The old Spinal Tap line of “there is a fine line between clever and stupid” applies to Garrett this year, or any year, really. “Aggressive” does not mean throwing a predictable pass into a Detroit defender’s hands when the team should be running. “Aggressive” does not mean throwing into coverage because pass plays are not effective in deceiving the defense at all. “Aggressive” does not mean attempting a downfield throw that takes so long for the WR routes to develop that the QB gets bludgeoned. “Aggressive” does not mean using vanilla formations and vanilla routes because the OC/HC thinks that the opposing defense is going to expect something complex. No, those are stupid. Those decisions are not aggressive, they are not clever, and despite the failures game after game, they are repeated. Sure, the yards tell one story that seems to contradict this, but watch the film and see how much Romo, Witten, Austin, Dez, and Robinson actually do to make a poorly designed play, succeed. Dallas was a laughing stock this year, and no amount of yards that the offense amassed can erase the record of the team, the lack of points in critical games, the Sportcenter highlights of stupid decisions that Garrett made with the entire team – particularly producing and maintaining point totals.

  2. Mont Seventeen says:

    The Romo/Jerry fan club can come up with some whoppers! JG is a rookie head coach, the fan club thinks this teams problem is that he doesn’t go for it enough?

    The sophistry has reached an ALL-Time high with the fan club… Gone are the days of its TO’s fault or Camp Cupcake, the rationale of “Peyton didn’t win a playoff game” or this is only “Romo’s 5th years starting” has to give way to something new.

    Anyone that thinks going for more on 4th down is not being realistic… Are they? I have never heard a fan base say we didn’t make the playoffs bc we didn’t go for it enough. Just sad how far this teams fan base has fallen…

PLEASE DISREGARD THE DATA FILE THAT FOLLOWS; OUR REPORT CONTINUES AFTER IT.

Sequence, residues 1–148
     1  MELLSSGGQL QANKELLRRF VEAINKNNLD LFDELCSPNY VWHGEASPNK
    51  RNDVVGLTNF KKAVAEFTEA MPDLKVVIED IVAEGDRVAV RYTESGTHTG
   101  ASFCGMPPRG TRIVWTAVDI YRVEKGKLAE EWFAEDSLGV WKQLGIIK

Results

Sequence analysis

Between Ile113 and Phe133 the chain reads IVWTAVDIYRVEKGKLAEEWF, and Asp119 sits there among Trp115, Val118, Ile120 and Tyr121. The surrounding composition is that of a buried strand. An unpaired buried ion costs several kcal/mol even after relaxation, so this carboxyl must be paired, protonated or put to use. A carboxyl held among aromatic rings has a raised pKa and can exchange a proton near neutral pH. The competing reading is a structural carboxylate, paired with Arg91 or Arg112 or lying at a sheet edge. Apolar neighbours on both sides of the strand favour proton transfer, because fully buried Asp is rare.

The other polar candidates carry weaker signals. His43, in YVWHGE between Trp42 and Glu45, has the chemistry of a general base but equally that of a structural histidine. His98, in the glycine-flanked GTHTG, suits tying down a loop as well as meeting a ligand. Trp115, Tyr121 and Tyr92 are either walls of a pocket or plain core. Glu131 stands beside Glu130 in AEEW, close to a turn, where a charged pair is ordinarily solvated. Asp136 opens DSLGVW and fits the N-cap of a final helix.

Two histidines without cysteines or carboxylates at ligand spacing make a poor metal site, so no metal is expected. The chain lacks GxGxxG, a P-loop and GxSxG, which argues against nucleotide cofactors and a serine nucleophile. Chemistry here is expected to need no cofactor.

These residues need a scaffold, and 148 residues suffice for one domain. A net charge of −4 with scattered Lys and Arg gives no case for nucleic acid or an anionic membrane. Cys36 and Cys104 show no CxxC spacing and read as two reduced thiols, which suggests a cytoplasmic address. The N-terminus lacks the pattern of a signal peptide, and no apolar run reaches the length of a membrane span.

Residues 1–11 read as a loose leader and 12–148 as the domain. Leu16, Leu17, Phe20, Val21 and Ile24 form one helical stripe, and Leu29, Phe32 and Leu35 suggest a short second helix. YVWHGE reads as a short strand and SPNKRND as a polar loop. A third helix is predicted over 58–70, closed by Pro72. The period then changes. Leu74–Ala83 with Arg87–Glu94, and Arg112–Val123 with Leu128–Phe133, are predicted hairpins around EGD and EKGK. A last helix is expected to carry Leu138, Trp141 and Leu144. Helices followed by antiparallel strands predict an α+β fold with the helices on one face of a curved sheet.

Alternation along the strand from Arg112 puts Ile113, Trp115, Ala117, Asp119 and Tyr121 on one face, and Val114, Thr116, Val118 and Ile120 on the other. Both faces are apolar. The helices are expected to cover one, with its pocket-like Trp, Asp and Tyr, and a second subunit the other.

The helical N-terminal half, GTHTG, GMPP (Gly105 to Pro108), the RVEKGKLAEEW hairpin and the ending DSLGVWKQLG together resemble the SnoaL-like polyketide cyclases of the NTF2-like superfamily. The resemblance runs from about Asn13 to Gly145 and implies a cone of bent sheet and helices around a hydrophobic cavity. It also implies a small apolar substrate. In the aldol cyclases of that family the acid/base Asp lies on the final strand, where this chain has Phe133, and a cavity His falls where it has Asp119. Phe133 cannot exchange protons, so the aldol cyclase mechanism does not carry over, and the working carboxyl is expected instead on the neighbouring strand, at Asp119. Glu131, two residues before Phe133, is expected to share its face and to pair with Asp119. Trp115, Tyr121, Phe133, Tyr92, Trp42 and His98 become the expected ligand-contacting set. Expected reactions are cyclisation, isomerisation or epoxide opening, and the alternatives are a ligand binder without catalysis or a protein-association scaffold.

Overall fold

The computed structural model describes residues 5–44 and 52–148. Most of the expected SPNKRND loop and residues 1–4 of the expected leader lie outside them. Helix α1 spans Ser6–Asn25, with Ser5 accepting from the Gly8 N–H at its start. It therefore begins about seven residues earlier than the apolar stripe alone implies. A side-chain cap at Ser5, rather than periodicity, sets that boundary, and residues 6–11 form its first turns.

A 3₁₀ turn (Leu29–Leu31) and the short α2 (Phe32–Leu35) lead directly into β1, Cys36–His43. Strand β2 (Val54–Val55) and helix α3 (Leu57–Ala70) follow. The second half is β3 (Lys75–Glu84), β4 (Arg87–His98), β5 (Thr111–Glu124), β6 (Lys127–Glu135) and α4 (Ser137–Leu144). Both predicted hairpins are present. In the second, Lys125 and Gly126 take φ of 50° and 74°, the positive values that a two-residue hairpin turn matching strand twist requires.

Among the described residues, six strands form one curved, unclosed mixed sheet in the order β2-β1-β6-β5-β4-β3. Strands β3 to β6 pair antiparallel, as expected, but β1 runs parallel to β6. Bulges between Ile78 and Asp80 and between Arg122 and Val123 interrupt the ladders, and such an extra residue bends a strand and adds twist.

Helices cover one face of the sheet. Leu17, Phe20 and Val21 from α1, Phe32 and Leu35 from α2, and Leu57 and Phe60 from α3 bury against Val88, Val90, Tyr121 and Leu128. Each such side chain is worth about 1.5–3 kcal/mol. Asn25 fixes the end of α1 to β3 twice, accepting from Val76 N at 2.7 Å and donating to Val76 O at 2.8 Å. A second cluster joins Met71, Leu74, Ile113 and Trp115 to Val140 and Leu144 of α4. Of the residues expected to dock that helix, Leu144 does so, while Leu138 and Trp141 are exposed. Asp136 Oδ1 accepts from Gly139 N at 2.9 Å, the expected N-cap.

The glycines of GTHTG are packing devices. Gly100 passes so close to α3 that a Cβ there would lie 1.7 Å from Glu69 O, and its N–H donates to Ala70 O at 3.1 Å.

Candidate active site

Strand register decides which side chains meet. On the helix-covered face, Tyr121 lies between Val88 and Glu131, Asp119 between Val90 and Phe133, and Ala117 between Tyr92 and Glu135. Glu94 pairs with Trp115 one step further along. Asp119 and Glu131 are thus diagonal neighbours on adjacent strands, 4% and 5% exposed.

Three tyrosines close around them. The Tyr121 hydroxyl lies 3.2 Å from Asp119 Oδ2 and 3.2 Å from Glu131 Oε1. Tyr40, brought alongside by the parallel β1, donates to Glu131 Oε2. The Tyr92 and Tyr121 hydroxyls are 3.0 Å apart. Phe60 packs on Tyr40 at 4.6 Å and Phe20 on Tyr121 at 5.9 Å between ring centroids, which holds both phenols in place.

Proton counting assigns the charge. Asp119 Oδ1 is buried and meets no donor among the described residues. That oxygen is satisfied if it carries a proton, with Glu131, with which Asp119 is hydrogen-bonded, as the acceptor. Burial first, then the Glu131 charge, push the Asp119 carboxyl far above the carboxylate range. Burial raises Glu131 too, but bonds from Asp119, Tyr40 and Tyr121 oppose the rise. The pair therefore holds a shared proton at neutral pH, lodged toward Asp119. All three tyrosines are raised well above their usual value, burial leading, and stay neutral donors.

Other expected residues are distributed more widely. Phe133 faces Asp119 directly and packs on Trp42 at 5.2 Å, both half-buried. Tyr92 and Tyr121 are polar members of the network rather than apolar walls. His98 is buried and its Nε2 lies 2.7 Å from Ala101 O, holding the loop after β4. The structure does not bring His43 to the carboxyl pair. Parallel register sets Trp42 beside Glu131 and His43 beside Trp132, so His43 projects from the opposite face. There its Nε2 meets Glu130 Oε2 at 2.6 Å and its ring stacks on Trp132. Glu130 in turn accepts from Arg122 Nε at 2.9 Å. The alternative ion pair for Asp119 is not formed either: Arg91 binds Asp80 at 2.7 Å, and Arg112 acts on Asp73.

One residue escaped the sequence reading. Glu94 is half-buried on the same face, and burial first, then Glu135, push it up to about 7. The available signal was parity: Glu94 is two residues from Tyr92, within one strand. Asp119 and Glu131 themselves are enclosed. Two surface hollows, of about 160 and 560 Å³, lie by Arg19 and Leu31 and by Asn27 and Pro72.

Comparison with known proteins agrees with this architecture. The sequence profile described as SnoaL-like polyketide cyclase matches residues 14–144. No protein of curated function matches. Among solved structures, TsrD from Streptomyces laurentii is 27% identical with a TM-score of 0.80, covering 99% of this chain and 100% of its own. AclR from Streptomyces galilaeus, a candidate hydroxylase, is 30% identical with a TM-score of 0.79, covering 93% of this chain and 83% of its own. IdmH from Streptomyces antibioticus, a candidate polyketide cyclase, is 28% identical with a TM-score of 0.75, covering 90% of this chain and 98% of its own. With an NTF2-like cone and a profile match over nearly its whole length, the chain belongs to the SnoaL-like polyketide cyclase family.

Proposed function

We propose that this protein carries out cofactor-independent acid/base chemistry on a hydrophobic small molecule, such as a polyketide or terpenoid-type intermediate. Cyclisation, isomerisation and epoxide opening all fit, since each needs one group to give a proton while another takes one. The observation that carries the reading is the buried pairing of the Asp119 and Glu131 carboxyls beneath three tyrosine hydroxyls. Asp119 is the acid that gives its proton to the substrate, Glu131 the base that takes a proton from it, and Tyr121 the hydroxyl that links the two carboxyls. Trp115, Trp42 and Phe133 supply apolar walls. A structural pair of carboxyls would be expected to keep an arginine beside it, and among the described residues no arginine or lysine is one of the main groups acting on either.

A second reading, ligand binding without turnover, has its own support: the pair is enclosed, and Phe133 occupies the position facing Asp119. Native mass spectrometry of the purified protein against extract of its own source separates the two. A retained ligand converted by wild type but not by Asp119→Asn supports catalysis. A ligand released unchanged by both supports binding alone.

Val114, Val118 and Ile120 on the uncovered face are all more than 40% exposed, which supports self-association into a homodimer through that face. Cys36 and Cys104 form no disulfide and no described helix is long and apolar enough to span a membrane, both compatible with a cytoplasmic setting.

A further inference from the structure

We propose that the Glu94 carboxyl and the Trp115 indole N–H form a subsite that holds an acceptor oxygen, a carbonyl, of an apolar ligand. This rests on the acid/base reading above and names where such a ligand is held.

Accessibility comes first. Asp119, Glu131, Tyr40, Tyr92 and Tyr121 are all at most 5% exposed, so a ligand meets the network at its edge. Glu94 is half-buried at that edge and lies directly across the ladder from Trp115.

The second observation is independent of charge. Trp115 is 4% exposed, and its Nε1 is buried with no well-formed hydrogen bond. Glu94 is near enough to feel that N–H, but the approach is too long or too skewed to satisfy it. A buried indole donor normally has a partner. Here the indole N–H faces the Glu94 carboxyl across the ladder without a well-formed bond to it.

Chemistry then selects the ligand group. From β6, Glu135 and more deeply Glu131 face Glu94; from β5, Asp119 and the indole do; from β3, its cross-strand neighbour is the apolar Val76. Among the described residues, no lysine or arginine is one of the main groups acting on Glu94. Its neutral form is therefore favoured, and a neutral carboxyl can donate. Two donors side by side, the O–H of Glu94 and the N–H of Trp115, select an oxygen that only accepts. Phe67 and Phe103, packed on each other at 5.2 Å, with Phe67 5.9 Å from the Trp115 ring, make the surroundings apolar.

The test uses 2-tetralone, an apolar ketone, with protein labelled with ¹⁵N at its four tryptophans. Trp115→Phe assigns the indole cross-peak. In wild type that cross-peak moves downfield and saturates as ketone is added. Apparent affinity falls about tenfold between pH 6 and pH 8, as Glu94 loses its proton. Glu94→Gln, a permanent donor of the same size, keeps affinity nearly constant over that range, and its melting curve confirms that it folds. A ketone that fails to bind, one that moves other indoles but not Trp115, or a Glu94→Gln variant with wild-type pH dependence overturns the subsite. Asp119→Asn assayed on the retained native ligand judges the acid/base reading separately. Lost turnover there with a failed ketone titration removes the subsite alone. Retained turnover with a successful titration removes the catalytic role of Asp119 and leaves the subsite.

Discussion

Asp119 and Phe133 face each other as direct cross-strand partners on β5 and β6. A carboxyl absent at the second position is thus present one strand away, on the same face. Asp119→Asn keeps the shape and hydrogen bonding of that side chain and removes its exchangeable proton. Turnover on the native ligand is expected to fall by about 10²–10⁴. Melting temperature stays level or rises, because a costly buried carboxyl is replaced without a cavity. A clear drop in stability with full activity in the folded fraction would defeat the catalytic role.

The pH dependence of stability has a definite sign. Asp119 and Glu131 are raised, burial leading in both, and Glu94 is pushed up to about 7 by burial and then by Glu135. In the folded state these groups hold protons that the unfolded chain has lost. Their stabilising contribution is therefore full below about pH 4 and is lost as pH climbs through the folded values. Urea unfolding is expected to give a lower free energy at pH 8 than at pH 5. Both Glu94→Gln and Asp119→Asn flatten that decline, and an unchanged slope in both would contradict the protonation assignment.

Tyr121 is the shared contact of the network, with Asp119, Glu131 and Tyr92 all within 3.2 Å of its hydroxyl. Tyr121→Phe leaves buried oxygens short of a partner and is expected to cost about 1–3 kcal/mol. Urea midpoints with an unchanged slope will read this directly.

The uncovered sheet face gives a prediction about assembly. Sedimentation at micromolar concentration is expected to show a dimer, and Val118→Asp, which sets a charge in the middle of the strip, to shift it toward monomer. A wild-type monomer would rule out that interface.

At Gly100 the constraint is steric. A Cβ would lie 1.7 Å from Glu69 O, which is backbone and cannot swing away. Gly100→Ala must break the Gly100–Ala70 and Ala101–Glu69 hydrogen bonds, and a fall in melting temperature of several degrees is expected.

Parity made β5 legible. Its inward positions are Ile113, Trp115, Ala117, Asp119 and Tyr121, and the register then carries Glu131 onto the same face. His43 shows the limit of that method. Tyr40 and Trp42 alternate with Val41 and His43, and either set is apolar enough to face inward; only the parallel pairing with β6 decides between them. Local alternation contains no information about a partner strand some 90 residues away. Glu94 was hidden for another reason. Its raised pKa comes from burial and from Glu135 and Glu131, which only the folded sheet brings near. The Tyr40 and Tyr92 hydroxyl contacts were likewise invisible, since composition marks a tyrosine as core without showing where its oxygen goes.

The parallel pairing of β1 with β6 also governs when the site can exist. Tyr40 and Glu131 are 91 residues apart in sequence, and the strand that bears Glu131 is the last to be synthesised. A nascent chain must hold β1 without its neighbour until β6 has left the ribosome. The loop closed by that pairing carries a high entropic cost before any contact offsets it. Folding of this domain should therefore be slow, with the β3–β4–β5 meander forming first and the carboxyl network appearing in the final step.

I would think if you are the head coach of a team with an aggressive defensive coordinator and an inferior secondary, your #1 priority would be not to risk points. Let alone with a QB like Romo that is known for choking and throwing pick sixes to Barboie Carpenter. Oh and let’s not forget the stellar line play that is highlighted by a Center that can’t long snap and an OG playing LT. Never-mind the injury problems at RB, yes, its easy to trust Tanner to make a 4th and 2 in early February!

    I know its hard for the Jerry apologist and the Romo sycophants to comprehend but its really not that hard… As a Head Coach you need a QB that can overcome mistakes by his teammates, a GM that can replace players… JG is not the greatest but rippin him for not going for it is not the problem. When a child acts up in school you don’t blame the clothes his parents bought for him.

    This team can’t compete bc its lack of leadership from the QB position and not much substance from the GM position.

  3. moses says:

    Actually, Garrett is no rookie HC, he was a co head coach for awhile.

    As far as rookie head coaches go, what about Harbaugh in SF? He was a true rookie coming out of college.

    Romo ran for his life most of the time. The OL did not hold up.

    One of the things that JJones neglects is the OL/DL. He loves the skill position. NYG have solid OL/DL and they won the SB.

  4. Vince_Grey says:

    JB – Can’t really disagree, especially with a defense like we had that couldn’t hold a lead late. If we had a dominant defense, then I’d be more inclined to say “play it safe” and let the defense do it’s job.

    One other thing I’ve seen (Or rather, NOT seen, from Garrett is any “trick” plays. We NEVER seem to do any of those. Both Jimmy and Tom liked to pull a few “exotics” every year, just to keep opposing teams thinking and I wish JG would incorporate some of that.

    One thing to all of this, however, is that fans need to understand you can’t have it both ways. If we want JG to be more aggressive, we can’t pile on the next day if doesn’t succeed.

    Mont – Apparently nothing will convince you, even obvious stats, that Romo is NOT a “choker” and has a real clutch-gene late in games, so I’m not even going to try. I would like to ask however, what’s your opinion of past Cowboy QB’s like Staubach, Aikman, and Danny White. Clutch? Great player(s)? Overrated? Choker(s)?

    Moses – I wouldn’t say the Giants have “neglected” their skill positions. Eli cost them a lot of picks in 2004. Nicks was their number one selection in 2009. Manningham was a third rounder in 2008, and Moss and Steve Smith were both 2nd rounders in 2006 and 2007.

    What you CAN say about the Giants is that they’ve spent some prime picks on the DL, and that, overall they’ve drafted better than Dallas, though they’ve had some iffy picks as well. They picked DB’s in the 1st round in 2007, 2008, and 2011 and none of those players have made even one Pro Bowl between them.